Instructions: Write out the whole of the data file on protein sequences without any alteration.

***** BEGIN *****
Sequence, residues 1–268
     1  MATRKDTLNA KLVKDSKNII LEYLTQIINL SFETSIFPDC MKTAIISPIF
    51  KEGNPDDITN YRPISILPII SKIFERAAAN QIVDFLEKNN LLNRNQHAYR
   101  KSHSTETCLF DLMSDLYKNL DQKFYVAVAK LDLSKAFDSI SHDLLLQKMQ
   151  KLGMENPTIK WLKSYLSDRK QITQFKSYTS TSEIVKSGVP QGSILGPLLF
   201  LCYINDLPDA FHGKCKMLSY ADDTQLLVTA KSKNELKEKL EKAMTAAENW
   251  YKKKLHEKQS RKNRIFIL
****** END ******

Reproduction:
Sequence, residues 1–268
     1  MATRKDTLNA KLVKDSKNII LEYLTQIINL SFETSIFPDC MKTAIISPIF
    51  KEGNPDDITN YRPISILPII SKIFERAAAN QIVDFLEKNN LLNRNQHAYR
   101  KSHSTETCLF DLMSDLYKNL DQKFYVAVAK LDLSKAFDSI SHDLLLQKMQ
   151  KLGMENPTIK WLKSYLSDRK QITQFKSYTS TSEIVKSGVP QGSILGPLLF
   201  LCYINDLPDA FHGKCKMLSY ADDTQLLVTA KSKNELKEKL EKAMTAAENW
   251  YKKKLHEKQS RKNRIFIL